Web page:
Yet amid seeming stasis, Mr Bharathi also found a great deal of churn. “Barriers are breaking in cities, but it’s not the big barriers between castes,” he says. “It is the subcastes that are dissolving.” As the association of family names with traditional professions, which evoked some memories in villages, makes ever less sense in cities, there is less of a taboo around marrying into adjacent jatis within the same broader caste. At the same time, says Mr Bharathi, class differences are growing stronger. “If you zoom in on a Dalit slum, you will find that poorer Dalits don’t intermix with Dalits of slightly higher status living right next door.” Ambedkar, who assumed that the positive discrimination he prescribed in the constitution would end millennia of caste oppression, would be perplexed. ■

Riaz Haq said...

In yet another instance of alleged caste discrimination at an IT firm in the US, a former Indian-origin employee has filed a lawsuit against the American unit of HCL technologies — HCL America — alleging unlawful termination by a superior based on caste. According to a Moneycontrol report by Swathi Moorthy, the former employee filed a lawsuit on March 25, alleging that his superior Srinivas Chakravarty, a Kamma Naidu by caste, discriminated against him, a Kapu Naidu.

https://www.thenewsminute.com/article/after-cisco-hcl-sued-former-indian-employee-us-over-caste-discrimination-130118


The lawsuit has been filed in a superior court in California, according to Moneycontrol.

Kammas and Kapus have a history of differences that have also led to clashes, especially in the city of Vijayawada. More recently, the issue of reservation for the Kapus in education and jobs in Andhra Pradesh's government sector has heightened tensions between the two communities.

The former employee, who joined HCL in August 2018 in the US, alleged that the discrimination started in October 2018 when Srinivas Chakravarty joined the team as his superior.

As per the lawsuit, the former employee, in the capacity of a technical architect, worked on designing chips for companies like Intel and that he received appreciation for his work from Intel as well.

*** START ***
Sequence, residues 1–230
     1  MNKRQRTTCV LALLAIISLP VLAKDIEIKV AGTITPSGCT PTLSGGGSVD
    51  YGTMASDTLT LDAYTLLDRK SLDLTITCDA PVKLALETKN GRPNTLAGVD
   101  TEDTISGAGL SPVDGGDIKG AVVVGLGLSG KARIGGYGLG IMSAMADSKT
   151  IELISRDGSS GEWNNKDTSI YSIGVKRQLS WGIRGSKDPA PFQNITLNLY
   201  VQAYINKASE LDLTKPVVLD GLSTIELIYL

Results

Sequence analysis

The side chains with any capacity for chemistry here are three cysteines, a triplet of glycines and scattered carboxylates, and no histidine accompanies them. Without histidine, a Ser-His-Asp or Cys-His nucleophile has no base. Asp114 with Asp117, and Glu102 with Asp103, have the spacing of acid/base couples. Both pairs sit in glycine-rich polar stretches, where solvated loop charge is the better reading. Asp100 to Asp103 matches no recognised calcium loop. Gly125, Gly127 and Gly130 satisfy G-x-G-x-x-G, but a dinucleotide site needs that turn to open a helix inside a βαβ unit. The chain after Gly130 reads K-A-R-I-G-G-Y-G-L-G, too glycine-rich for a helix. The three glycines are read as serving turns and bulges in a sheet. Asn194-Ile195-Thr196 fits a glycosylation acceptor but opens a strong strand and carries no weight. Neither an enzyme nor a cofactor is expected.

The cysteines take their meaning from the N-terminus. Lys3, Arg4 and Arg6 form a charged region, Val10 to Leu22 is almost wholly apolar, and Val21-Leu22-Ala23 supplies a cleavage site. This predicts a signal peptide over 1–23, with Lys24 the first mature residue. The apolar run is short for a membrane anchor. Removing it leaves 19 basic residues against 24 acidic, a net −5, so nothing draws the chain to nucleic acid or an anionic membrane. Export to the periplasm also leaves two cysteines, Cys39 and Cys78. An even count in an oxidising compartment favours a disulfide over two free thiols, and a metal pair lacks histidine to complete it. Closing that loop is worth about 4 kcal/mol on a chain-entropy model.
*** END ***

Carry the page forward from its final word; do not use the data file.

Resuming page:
The lawsuit states that once Chakravarty joined, he started rating the employee poorly on weekly and bi-weekly reviews and was very critical of his work and even allegedly shouted at him during one-on-one review meetings. Chakravarty also allegedly did not take action when a fellow colleague called him ‘black’ due to his complexion, as per the report.

The former employee claims to have also complained to senior management, but to no avail.

He was then allegedly put on a performance improvement plan, made to work on weekends and was eventually terminated ‘for missing a day that he called in sick’ even after he cleared the performance improvement plan.

He also allegedly reached out to HCL for mediation, but when he received no response, he obtained a right to sue letter from the California Department of Fair Employment and Housing (DFEH) and then filed the lawsuit.

The employee told Moneycontrol that he came to know that Chakravarty was terminated soon after the lawsuit was filed but could not independently verify.

This instance has come to light soon after the Department of Fair Employment and Housing (DFEH) in California in the United States, on June 30, sued technology major Cisco and its former managers alleging caste-based discrimination at the workplace against a Dalit Indian-American employee. The federal lawsuit under the Civil Rights Act of 1964 and California's Fair Employment and Housing Act (FEHA), alleges that two former managers discriminated against the engineer because he is a Dalit.

He allegedly received less pay, fewer opportunities, and “other inferior terms and conditions of employment because of his religion, ancestry, national origin/ethnicity, and race/colour,” the lawsuit stated.

"It is unacceptable for workplace conditions and opportunities to be determined by a hereditary social status determined by birth. Employers must be prepared to prevent, remedy, and deter unlawful conduct against workers because of caste,” DFEH Director Kevin Kish said in a statement.

In both the lawsuits, a report by Equality Labs was quoted. ‘Caste in the United States’ report in 2018 was based on a survey done by the organisation, which had 1,500 respondents. The lawsuit against Cisco noted that according to the report, 67% Dalits surveyed felt discriminated against at the workplace in the US.